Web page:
Kyle Hill could look at any number of things at the former surface mine on Dale Ridge: the scrubby hillside, the retention ponds built to catch runoff, the crumbling highwall sending truck-sized boulders careening to the mine floor. Instead, when he visits this site in Virginia’s Wise County, Hill sees opportunity—and ducks.“See down there?” Hill asks, aiming his binoculars at a clump of cattails framing a nearby wetland. “That place was just full of ducks last week.”An avid outdoorsman, Hill is a native of Coeburn, a town built around the coal industry in this corner of southwest Virginia. As a student at the University of Virginia’s College at Wise, Hill has been taking a different look at the many former surface mines that dot the central Appalachian landscape, wondering how they can support populations of game species like waterfowl.While using old mines as a catalyst for wildlife conservation might seem odd, Hill’s approach isn’t happening in a vacuum. A host of efforts is taking a renewed look at former minelands as a linchpin in diversifying Appalachia’s outdoor economy.As many as 1,800 square miles of central Appalachia have been touched by surface mining, a practice where coal is reached by removing the rocks above it rather than using a shaft to reach it underground. This approach has far-reaching impacts, including leaching metal-laden runoff into waterways and eradicating headwater streams and forests. A 2016 study by researchers at Duke University even found that surface mining has altered Appalachian topography, dropping the average slope of mined areas in the mountains by forty percent.While the environmental and social concerns of mining have been well-advertised, surface mines can become forgotten by the public eye once coal extraction has ceased. “The environmental community has done a really good job of communicating how destructive mining is—and for good reason, I think,” says Adam Wells, new economy program manager for Appalachian Voices. “However, it’s not that cut and dry.”Wells stresses that the coal economy’s collapse has opened the door to novel discussions about economic alternatives, including those based around former mines. New funding opportunities have also become available for developing abandoned mineland (AML) features, closed before the passage of the Surface Mining Control and Reclamation Act of 1977. “That funding could really serve as a catalyst to get some innovative economic development projects going that right now are just good ideas,” Wells says.In 2016, Appalachian Voices and partners released a report identifying 14 AML sites in southwest Virginia that could support projects from solar farms to community parks and trail systems. Their work marks a shift in our collective philosophy of how to deal with former mines, viewing them as less of a permanent liability and more as an opportunity for growth.One of the sites identified in Appalachian Voices’ report is the Norton Riverwalk, a planned trail along the Guest River that will link downtown Norton, Va. to neighborhoods on the city’s eastern end. The project would rehabilitate a decommissioned coal loading site and connect it to a popular multiuse path running along a former mine highwall, which was transformed into a gateway for the city in 2014.Norton’s City Manager, Fred Ramey, believes that the Riverwalk is “perfect” for creating dual environmental and community benefits. “It’s a win-win scenario that will remediate environmental concerns, transform portions of the area into outdoor classrooms, and provide more recreational opportunities,” Ramey says.Nearby, the town of Haysi, Va., is creating a multiuse trail to connect its downtown to Breaks Interstate Park. A nearby coal waste site presents the opportunity for creating a park that would include a put-in for boaters on the Russell Fork.The town of St. Paul, Va.—which hosts a 100-mile trail system built partially on a former surface mine that caters to both ATVs and non-motorized users—has become a model for revitalizing coal economies. Private investment poured into town following the trail system’s 2013 opening, with new businesses catering to visitors and a $7.3 million project renovating a downtown building into a boutique hotel that will open this year.Redeveloping former mines is slow work, and each site comes with a unique set of complex—and expensive—environmental issues. “It’s not hard to look at a reclaimed mountaintop removal site and envision a field of solar panels,” Wells says, “but it’s a little trickier to think about smaller-scale ways to turn these liabilities into assets.” Regardless, a former mine can still hold surprises.Earlier this year, I accompanied Kyle Hill to the mine on Dale Ridge. We arrived just in time to flush a pair of wood ducks that had arrived for the season in one of the mine’s settling ponds. Hill has inventoried almost 15 waterfowl species there this year, including several not previously recorded in this corner of the state.It can be daunting to imagine the site being a haven for birdwatchers or outdoor enthusiasts, but as we stood in the middle of the mine, the ducks caught our eye. Instead of leaving, they flew in a long arc around the fringes of the mine and settled back in the pond once we’d moved on. For them, this was already home.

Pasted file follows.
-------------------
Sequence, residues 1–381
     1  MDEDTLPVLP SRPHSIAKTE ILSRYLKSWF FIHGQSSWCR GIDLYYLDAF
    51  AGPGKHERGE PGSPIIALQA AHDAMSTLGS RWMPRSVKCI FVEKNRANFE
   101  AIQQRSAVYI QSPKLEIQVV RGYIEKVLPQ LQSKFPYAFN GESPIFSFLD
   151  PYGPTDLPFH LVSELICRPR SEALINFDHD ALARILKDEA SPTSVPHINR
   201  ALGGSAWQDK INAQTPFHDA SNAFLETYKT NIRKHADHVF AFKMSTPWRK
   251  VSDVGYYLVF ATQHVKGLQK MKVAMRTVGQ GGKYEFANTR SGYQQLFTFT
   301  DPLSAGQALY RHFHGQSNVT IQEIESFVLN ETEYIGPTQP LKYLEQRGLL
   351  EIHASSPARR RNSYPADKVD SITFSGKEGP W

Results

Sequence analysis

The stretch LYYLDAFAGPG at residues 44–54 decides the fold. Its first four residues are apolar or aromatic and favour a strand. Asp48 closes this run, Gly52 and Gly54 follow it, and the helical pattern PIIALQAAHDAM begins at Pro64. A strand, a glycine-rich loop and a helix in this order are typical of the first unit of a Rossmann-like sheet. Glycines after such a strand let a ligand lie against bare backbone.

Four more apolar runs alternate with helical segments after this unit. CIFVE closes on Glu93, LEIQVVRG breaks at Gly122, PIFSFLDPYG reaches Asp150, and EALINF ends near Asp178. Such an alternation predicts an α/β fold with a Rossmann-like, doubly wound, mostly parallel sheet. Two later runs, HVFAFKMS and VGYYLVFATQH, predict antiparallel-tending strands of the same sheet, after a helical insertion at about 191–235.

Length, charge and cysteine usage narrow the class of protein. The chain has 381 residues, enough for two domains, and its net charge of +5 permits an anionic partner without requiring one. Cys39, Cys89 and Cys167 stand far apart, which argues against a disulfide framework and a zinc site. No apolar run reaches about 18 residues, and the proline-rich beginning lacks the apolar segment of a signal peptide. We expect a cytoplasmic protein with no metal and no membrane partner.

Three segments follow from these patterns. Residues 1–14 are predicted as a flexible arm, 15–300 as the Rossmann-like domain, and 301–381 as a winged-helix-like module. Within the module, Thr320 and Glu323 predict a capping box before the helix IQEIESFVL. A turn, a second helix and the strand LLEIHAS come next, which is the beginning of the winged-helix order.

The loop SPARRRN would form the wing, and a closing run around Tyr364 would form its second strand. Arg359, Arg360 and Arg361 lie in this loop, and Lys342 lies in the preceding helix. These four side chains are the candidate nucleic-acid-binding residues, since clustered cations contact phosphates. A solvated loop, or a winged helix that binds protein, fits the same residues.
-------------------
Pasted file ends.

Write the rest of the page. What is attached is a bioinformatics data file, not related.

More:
Categories: Letters to the Editor, OpinionMy wife recently inquired from Union College whether it would be OK for our family to use their beautiful campus as a backdrop for a family photo session on Nov. 19. My wife called security and two individuals assured her that it shouldn’t be a problem, but one of them gave her the contact information of an individual to contact to be sure.This individual rudely told my wife that the policy is to request and submit a permit application with a $35 fee to do this. This is absurd, and on principle I refuse to pay this, especially in the demeaning way it was demanded, rather than requested in a nice manner. My family and I have always supported this school, certainly financially, since my son is an alumni — his degree had cost plenty.I know of several people who have used the Nott Memorial and Jackson Gardens and other scenic photo spots on this historic campus as photo backdrops. To my knowledge, they did this without even extending the courtesy that my wife did — without issue or permits. Recently, my wife and I walked the campus to select our favorite spots. We saw security twice, we were taking pictures, all we got was a friendly wave from the security guard.I just hope that this so-called policy, and more importantly, the rude behavior of this individual, is not what Union College has become. We will not use their beautiful grounds for our photo day, nor will we ever financially support this college.Bob VielkindScotiaMore from The Daily Gazette:EDITORIAL: Urgent: Today is the last day to complete the censusEDITORIAL: Thruway tax unfair to working motoristsEDITORIAL: Beware of voter intimidationFoss: Should main downtown branch of the Schenectady County Public Library reopen?EDITORIAL: Find a way to get family members into nursing homes